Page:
Something to consider with the exchange a tank places is that they are only 3/4 filled, 15# in a 20# tank. They do this to keep the price down. If you need to swap an old expired tired tank they might be a good choice but if you are calculating burn rate/usage at a 20# tank size you might come up short. With 2 11# tanks if you run one dry you at least know you're half empty if you have two of them. 20# are still a better value in the long run especially if you get them filled and not exchanged.
 

john61ct

Adventurer
Yes exchanges are a ripoff, only to be used for refreshing your 20#ers.

Best places actually weigh before and after, use the overflow valve to ensure they're full.

That way you can top up all your tanks when convenient, or just before heading out, even if some are only down a little.
 

Graton

Member
Go with the two 11lb tanks - main reason is that you like the look. Never underestimate the value of aesthetics, I have an AT Habitat and had it painted because I didn't like the looks of the aluminum on my black tacoma - of course it doesn't work any better than bare metal. 20 lb tanks are clunky and look like you just grabbed it from your grill. Despite the "cool guy" disparaging comments, you're putting a lot of effort into your build and when you look out at all your hard work, you want say "damn, that's a good looking off-road trailer".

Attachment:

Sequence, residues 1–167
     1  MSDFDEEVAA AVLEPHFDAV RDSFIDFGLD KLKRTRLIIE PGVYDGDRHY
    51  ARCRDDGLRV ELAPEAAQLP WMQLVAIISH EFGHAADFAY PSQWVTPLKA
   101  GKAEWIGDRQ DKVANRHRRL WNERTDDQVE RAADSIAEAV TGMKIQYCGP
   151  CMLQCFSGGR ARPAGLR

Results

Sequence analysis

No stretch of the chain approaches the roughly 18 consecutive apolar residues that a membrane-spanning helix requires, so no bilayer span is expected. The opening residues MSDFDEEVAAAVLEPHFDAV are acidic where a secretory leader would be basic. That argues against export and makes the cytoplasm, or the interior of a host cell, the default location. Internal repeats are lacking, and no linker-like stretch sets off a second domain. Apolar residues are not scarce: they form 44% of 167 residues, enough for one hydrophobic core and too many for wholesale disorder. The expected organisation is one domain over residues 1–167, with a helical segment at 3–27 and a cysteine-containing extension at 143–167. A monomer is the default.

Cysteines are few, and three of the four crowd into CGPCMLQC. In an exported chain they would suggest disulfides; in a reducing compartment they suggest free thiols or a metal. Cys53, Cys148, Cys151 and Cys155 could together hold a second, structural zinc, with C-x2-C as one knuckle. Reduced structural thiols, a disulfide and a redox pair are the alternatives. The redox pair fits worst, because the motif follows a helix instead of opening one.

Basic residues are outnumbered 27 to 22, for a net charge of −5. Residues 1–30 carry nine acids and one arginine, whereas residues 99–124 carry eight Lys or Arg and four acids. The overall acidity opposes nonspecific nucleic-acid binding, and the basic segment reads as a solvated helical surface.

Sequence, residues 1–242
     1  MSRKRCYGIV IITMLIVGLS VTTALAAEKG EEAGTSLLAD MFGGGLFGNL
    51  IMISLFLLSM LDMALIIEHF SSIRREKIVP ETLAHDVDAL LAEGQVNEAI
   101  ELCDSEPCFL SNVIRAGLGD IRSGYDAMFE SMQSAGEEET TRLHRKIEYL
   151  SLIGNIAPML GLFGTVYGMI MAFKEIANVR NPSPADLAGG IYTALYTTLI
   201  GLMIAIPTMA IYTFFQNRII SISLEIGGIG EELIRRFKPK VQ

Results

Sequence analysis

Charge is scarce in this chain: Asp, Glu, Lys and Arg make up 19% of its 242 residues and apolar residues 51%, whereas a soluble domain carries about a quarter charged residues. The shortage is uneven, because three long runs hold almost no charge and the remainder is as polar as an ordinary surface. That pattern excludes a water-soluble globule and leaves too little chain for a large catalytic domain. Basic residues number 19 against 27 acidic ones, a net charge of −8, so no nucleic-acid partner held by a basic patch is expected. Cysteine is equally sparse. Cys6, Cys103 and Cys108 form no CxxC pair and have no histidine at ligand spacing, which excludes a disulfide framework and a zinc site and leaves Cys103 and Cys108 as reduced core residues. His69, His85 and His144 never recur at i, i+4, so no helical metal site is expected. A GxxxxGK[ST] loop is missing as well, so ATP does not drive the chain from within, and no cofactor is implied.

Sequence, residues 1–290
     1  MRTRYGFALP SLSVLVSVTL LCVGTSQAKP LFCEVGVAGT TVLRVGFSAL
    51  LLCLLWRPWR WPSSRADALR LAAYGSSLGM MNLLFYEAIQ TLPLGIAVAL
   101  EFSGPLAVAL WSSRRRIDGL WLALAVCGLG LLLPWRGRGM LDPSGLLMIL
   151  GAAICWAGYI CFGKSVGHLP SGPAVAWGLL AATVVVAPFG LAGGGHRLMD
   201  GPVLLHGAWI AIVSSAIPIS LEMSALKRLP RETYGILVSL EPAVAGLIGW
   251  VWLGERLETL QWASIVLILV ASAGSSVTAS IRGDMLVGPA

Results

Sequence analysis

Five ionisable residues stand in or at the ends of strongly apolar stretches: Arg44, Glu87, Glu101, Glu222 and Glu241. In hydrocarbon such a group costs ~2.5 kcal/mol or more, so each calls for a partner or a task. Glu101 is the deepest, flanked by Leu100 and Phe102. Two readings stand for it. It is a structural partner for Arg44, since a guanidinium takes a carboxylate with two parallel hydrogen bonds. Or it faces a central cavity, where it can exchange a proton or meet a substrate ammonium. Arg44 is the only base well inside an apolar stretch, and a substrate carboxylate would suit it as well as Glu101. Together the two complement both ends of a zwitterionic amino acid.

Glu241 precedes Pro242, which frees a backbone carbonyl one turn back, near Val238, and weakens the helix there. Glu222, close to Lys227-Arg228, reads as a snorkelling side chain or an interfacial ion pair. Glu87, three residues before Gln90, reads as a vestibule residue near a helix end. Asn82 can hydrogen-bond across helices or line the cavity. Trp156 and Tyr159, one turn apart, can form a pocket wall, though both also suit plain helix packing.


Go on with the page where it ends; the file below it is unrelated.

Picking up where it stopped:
I worked in a large industrial design consulting company for a few years, and you have to be happy with how a product looks - you don't run down to the hardware store and buy bright orange paint that was someone's mistake if you are painting your house because it was the cheapest way to go. Aesthetics shouldn't be the ultimate deciding factor, but it is not irrelevant.

All that said, I have a variety of tank sizes and prefer to take the smaller tanks - I have a five pound that goes with the stove and one for my Propex heater when it is cold. I actually hate lugging around the 20lb tanks. I've never had any issue getting them filled and have gone out for weeks with them.
 

Buddha.

Lurker
I had 30 pounders on my old travel trailer and wished I had 20 pounders instead. Being able to exchange a tank in a small town, any day off the week, any time of day, seems like enough of an advantage.
They were due for recertification last time I filled but the guy looked the other way, not sure how long that was going to last. Also easy to keep an extra in the back of the truck.
 

old_CWO

Active member
No we must be the cool guy.